He listened for a minute to his uncle, then said, “Swell! We’ll be ready. And thanks a million for the boat!” Hanging up the phone, he turned to his father, mother and Jerry with a wide grin.

“Uncle Russ sure doesn’t waste any time,” he said. “He’s leaving now and expects to be down here tonight. He says that we’d better get all packed and ready, because he wants to take us up to Cliffport tomorrow morning, and we’ll have to leave here by six o’clock!”

Make Ready to Sail!

“There’s one good thing about riding in this little sports car,” Sandy said, and laughed as he eased his cramped six-foot length out of his Uncle Russ’s low-slung red racer. “It’s going to make the sailboat seem as roomy as a yacht in comparison!”

Sandy pushed his cowlick out of his eyes and stretched as his uncle and his friend Jerry followed him out of the little car.

“Don’t worry about the size of the boat,” Jerry said. “I’ll guarantee that it’s going to seem pretty big and complicated, no matter how small it actually is, until you’ve learned how to sail it. In fact, you’re going to find that a boat is a whole new world, full of all kinds of new things to get used to. And from what your uncle told us about this one, it’ll be more than big enough to keep us both busy for a couple of summers to come.”

“I feel as if we’re in a whole new world already,” Sandy replied, “and we’re not even on board yet!” He looked about him at the beehive of activity that was the Cliffport Boat Yard. “I’ve never seen anything like this before!”

From all sides came the sounds of hammering and sawing, and the thin whine of electric sanders. The brisk, salty smell of the sea was mingled with the sharp odors of paint, varnish and turpentine and the peculiar, half-sweet smell of marine engine fuel.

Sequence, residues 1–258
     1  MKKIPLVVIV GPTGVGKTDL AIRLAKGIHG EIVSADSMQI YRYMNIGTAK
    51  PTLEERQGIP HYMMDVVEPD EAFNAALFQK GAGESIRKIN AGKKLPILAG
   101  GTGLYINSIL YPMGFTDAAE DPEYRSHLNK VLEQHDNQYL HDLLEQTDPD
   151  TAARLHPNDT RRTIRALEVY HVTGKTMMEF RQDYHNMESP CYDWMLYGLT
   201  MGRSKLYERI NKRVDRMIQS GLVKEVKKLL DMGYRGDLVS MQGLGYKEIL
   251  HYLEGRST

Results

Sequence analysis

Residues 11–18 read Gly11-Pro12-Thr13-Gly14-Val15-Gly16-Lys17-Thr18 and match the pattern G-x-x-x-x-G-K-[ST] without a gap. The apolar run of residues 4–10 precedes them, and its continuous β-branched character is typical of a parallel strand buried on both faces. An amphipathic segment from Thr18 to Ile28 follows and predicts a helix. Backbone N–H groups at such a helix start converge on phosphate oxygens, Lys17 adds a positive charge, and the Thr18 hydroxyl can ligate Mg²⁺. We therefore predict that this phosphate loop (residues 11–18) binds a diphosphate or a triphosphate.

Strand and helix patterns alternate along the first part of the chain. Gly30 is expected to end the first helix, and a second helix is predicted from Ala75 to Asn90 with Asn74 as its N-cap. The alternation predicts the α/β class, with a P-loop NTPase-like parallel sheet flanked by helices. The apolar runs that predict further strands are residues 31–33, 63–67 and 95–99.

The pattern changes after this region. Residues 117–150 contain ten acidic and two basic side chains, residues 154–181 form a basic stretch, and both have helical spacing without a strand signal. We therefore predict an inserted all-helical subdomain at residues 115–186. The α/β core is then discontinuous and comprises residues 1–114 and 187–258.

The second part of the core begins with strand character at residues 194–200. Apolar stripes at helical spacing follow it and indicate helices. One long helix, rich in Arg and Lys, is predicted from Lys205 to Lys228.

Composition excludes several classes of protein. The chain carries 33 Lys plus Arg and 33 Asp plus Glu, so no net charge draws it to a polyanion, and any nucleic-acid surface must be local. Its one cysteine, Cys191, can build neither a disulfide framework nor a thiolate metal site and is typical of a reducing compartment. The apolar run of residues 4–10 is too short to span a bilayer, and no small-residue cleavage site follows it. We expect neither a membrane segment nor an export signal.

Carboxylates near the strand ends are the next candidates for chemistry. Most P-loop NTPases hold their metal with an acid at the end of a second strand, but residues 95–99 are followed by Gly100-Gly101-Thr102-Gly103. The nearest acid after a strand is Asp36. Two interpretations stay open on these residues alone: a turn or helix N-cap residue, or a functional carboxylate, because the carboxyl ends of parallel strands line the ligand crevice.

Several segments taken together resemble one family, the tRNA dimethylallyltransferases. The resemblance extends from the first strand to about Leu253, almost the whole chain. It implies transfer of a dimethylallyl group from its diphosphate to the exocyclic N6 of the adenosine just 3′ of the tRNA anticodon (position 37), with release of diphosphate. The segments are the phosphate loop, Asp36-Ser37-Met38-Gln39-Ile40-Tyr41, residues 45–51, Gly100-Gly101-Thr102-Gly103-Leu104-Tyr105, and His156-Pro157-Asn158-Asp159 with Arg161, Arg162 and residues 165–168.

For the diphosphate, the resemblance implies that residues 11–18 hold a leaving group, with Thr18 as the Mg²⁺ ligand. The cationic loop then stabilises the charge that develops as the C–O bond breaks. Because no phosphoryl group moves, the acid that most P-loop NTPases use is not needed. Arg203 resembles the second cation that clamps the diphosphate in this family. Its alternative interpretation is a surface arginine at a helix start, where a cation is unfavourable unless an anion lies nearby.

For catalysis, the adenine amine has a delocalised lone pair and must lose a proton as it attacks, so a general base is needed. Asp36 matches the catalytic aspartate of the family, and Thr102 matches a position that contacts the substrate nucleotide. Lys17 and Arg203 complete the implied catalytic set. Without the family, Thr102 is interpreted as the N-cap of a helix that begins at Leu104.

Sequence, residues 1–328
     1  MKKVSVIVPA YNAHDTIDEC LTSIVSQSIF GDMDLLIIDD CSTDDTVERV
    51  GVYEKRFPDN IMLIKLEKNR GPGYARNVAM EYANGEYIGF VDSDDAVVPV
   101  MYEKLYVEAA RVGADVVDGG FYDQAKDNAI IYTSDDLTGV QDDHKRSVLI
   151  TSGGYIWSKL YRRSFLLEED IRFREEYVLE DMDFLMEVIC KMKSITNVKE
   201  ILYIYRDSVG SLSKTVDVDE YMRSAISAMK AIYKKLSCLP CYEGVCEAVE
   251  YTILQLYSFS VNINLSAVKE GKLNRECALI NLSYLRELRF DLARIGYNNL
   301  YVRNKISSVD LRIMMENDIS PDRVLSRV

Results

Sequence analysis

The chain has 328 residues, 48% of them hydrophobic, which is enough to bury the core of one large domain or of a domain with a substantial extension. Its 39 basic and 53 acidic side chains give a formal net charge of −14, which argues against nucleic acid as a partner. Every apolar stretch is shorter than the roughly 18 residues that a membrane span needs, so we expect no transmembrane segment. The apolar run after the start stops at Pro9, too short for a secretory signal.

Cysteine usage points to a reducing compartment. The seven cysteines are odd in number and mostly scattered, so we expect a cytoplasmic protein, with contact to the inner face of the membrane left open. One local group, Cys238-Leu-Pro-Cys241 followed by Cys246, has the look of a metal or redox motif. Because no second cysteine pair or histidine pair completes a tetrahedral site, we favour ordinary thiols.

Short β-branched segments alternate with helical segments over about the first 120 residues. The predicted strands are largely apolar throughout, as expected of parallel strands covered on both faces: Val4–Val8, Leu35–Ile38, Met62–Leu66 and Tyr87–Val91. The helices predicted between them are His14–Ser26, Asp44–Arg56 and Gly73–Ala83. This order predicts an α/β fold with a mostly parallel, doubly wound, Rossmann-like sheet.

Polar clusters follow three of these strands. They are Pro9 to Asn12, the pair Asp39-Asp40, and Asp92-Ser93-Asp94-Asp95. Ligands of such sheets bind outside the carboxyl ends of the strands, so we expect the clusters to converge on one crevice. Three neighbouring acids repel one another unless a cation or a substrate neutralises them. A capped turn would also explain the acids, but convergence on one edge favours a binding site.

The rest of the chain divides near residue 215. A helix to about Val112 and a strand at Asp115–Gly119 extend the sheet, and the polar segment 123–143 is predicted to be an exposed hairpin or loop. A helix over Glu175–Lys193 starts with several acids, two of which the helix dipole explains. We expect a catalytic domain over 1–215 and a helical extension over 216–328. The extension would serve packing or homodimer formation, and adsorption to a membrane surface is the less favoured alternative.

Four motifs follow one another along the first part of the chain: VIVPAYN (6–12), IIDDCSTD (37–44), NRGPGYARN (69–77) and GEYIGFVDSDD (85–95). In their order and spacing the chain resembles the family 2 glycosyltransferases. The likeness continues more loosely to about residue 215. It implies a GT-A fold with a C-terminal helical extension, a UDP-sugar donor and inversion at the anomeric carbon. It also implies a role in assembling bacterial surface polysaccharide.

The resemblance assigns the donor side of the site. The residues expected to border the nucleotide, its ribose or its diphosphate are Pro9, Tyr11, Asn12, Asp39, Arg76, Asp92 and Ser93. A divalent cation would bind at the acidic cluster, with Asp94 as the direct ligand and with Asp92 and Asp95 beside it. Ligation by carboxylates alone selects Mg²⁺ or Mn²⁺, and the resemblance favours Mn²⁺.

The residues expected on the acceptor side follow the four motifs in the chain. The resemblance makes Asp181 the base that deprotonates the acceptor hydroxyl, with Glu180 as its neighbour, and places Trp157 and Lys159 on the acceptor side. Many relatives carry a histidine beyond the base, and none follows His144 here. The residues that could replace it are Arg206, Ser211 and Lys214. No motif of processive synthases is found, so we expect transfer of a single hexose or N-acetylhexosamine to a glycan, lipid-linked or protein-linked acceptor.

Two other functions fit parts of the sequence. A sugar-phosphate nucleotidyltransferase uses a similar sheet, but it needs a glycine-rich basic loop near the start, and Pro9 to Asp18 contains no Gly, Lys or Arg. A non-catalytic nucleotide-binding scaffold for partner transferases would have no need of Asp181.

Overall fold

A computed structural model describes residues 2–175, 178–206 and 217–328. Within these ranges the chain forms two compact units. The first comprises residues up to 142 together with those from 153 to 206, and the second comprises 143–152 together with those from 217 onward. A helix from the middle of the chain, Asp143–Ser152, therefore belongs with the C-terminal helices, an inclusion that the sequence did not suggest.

Boats of every size and description were ranged about them. Towering high above them, resting in specially built cradles, were long hulls with deep, weighted keels like giant fins under them. Heavy frames and timbers held these boats upright, and ladders leaned against them to where their decks joined their sides, high overhead. Men scrambled up and down the ladders with tools and equipment, or sat on the scaffolds and frames, painting.

Smaller craft without keels were braced in cradles or frames on the ground, or lay bottoms up on racks made of heavy beams that looked like railroad ties. Some of the boats were having their bottoms scraped, some were being sanded, others were in the process of painting.

At one nearby boat, Sandy saw men hammering on the bottom of the hull with big wooden mallets. Jerry explained that these were calking hammers, and that they were used to drive oakum into the seams between the planks to make the boats watertight for sailing. When the boats were put in the water later on, he added, the planks would swell and form waterproof joints where the planks met.

On both sides, lines of railroad tracks led from the boat yard and the big sheds straight down to the water’s edge and on into the water. Boats on wheeled flatcars stood on the rails here and there, ready to be eased down the tracks into the water for launching. Jerry explained how, when the flatcars with their cradles had gone down the slope and were under water, the boats simply floated away from them. Then the launching device would be hauled back up the tracks for use on another boat.

Sandy looked about him in bewilderment at the variety of boats in the yard. There were small boats with one mast, larger ones with two, cabin cruisers with no masts at all, and one sleek, beautiful, black-hulled boat with three tall masts. He was just beginning to think that he had found some relationship between the size of the boat and the number of masts when he spotted what appeared to be one of the largest hulls in the boat yard, with one immense mast. Next to it